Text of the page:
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Litchfield Coat of Arms / Litchfield Family Crest

Litchfield Coat of Arms / Litchfield Family Crest

The surname of LITCHFIELD is of two places in England. It was a locational name 'of Litchfield' a city in County Stafford. The elements of the name (which was originally recorded in early documents as Letocetum) literally means the dweller at the grey-wood. Local names usually denoted where a man held his land and indicated where he actually lived. The place Litchfield in Hampshire was recorded in the Domesday Book of 1086 as LIVESELLE. Early records of the name mention Richard Lychfeld, who registered at Oxford Universty in 1450. Thomas Fowler married Anne Lichefeild (widow) in London in 1594. Henry Cookman married Elizabeth Litchfeild at St. James's, Hanover Square, London in 1663. The name is also spelt Litchefield. Surnames before the Norman Conquest of 1066 were rare in England having been brought by the Normans when William the Conqueror invaded the shores. The practice spread to Scotland and Ireland by the 12th century, and in Wales they appeared as late as the 16th century. Most surnames can be traced to one of four sources, locational, from the occupation of the original bearer, nicknames or simply font names based on the first name of the parent being given as the second name to their child. A notable member of the name is Patrick, 5th Earl of Lichfield, born in 1939. He is the English photographer, educated at Harrow and Sandhurst. He served in the Grenadier Guards (1959-62) when he determined to become a professional photographer. After working as an assistant for many years, he opened his own studio and since 1981 has achieved success in travel and publicity photography as well as in many personal Royal portraits. In the Middle Ages the Herald (old French herault) was an officer whose duty it was to proclaim war or peace, carry challenges to battle and messages between sovereigns; nowadays war or peace is still proclaimed by the heralds, but their chief duty as court functionaries is to superintend state ceremonies, such as coronations, installations, and to grant arms. Edward III (1327-1377) appointed two heraldic kings-at-arms for south and north, England in 1340. The English College of Heralds was incorporated by Richard III in 1483-84.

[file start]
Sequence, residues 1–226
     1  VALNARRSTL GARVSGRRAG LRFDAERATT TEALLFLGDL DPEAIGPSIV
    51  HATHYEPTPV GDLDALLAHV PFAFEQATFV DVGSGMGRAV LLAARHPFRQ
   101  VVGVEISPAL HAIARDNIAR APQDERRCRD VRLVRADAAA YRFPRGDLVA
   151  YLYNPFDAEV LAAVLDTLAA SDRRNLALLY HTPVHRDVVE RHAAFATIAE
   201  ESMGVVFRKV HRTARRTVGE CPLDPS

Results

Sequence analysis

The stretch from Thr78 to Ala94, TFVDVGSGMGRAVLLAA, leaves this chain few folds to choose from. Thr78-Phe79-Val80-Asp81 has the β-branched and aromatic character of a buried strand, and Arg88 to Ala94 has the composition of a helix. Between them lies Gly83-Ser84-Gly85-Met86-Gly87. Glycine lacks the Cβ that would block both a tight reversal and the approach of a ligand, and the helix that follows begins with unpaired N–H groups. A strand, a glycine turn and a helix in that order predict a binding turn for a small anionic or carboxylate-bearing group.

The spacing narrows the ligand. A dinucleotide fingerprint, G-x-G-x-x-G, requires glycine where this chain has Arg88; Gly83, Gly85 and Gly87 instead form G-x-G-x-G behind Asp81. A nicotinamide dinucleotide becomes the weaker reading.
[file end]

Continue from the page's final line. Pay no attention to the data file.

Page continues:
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Last Updated: Dec. 1st, 2021

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